Five ways to make your survivors miserable

You have died, so your survivors are already grieving.  No one wants to “tie up loose ends” and take care of standard post-death things such as getting your death certificate, distributing your possessions, selling your house, etc.  These five ways will almost ensure that their job is made worse.

  1. Die without a will.  Dying without a will is called dying “intestate.”  Without a will directing what goes where, the person in charge of administering your estate needs to distribute according to statute.  This process could be easy, or could be difficult, but will almost definitely be more of a hassle.  If you have minor-age children, quadruple the “hassle quotient.”  Now the Court will need to determine who cares for your children (guardian) with no guidance from you–the person who knows best who the guardian should be.
  2. Have a trust prepared but do not fund it or put assets in it.  If you wisely have a revocable living trust prepared to, among other things, avoid probate, and you fail to re-title or deed the assets to your trust, then these assets will need to go through probate.  (This is not true if held in survivorship deed.)  I have seen probate estates opened just to probate a house or other deeded or titled property when the deceased had a trust prepared, but the trust was “empty”(unfunded).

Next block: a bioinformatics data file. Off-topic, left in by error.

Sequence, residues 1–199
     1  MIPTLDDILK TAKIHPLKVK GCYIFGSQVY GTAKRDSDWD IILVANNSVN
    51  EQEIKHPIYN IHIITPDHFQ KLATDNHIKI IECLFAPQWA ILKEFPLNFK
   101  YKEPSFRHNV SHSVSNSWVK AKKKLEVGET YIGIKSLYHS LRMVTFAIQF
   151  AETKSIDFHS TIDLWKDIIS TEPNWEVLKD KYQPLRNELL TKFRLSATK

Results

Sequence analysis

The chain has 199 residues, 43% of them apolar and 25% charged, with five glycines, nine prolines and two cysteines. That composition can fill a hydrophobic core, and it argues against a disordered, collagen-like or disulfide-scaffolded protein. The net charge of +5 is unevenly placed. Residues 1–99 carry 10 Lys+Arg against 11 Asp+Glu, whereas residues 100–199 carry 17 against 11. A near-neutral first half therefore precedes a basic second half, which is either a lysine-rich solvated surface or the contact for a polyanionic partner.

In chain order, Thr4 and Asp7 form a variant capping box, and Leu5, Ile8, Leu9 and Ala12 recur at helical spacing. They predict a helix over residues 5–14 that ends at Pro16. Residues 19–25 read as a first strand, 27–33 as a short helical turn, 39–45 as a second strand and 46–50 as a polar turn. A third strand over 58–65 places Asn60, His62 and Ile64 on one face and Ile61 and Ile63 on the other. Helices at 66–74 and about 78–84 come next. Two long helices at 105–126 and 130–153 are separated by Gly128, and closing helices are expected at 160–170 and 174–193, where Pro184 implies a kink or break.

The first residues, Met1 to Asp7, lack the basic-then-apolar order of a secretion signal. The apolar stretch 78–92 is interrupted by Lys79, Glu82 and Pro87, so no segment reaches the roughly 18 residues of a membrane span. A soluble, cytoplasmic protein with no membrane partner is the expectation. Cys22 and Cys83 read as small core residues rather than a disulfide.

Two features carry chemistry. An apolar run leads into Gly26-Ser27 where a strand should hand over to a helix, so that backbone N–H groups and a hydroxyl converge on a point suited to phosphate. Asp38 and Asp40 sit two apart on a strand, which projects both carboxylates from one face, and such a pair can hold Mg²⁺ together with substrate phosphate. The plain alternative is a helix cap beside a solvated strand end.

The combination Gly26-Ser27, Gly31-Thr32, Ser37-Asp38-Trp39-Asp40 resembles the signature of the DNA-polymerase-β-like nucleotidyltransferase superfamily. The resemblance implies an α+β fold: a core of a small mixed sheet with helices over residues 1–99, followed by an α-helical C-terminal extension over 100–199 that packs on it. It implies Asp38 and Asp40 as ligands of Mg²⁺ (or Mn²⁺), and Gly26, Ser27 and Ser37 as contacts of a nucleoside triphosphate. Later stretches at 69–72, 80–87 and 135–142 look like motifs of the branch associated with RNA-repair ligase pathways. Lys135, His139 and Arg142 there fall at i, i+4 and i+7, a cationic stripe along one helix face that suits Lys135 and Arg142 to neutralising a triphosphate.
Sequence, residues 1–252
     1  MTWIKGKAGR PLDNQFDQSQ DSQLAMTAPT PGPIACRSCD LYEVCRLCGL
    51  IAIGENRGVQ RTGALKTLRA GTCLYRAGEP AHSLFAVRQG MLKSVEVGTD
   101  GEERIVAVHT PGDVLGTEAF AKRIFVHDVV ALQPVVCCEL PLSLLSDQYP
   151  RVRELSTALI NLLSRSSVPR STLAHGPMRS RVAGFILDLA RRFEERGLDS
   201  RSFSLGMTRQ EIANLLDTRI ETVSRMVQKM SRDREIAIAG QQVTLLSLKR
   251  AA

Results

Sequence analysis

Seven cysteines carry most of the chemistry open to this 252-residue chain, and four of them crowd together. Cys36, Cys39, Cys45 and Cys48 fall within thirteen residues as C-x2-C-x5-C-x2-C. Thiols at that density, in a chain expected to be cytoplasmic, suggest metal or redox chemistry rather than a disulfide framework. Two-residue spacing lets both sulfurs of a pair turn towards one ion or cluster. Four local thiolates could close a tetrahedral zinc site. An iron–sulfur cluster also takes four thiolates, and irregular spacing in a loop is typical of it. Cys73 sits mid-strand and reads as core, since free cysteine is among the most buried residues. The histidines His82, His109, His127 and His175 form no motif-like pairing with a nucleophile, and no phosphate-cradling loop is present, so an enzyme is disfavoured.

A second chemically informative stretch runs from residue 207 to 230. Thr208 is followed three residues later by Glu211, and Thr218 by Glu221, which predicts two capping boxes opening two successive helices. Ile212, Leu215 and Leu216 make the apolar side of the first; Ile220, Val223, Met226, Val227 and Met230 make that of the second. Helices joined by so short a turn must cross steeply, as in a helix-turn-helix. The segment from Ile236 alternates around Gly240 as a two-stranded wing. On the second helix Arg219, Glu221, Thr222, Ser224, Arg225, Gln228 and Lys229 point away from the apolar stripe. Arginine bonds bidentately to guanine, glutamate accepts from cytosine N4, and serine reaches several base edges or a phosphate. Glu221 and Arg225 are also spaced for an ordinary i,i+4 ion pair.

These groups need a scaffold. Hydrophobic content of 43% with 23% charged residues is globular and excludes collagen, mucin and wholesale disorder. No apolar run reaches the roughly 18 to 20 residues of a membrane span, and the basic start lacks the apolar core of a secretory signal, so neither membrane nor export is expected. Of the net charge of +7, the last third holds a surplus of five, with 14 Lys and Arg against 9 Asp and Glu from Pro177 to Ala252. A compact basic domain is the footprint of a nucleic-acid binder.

3. Fail to designate a point person to hold passwords to social media, email and other accounts.  Survivors might want access to your pictures, or to let others know you have passed.  At one point one company that stored pictures online would not let a surviving husband access his wife’s account.  Her account happened to contain almost all of their childrens’ pictures from birth.  For a professional with a LinkedIn account, notifying colleagues of your death might be critical to clients or matters.  In some circumstances a court order can lead to accessing the account.  Lessen the workload of your survivors by leaving a list of accounts and passwords in a secure place with a trusted person.
  4. Fail to leave instructions regarding cremation or burial.  This is one area that can turn amicable survivors into feuding adversaries.  Some people have strong feelings against being cremated while others have strong feelings against being buried.  Families often argue over which cemetery will be chosen, or where ashes are to be stored or scattered.  Do your family members a favor and specify these instructions.
  5. Neglect to provide for the care of pets.  Who will care for your dog, cat, horse, or other pets if you die?  Leaving a relative to distribute your assets and close your accounts is enough work without also leaving it up to him or her to find homes for your pets, or to be put in the heart-wrenching position of having to take them to the pound or shelter.  Leave provisions for pets in your will or have a pet trust prepared.
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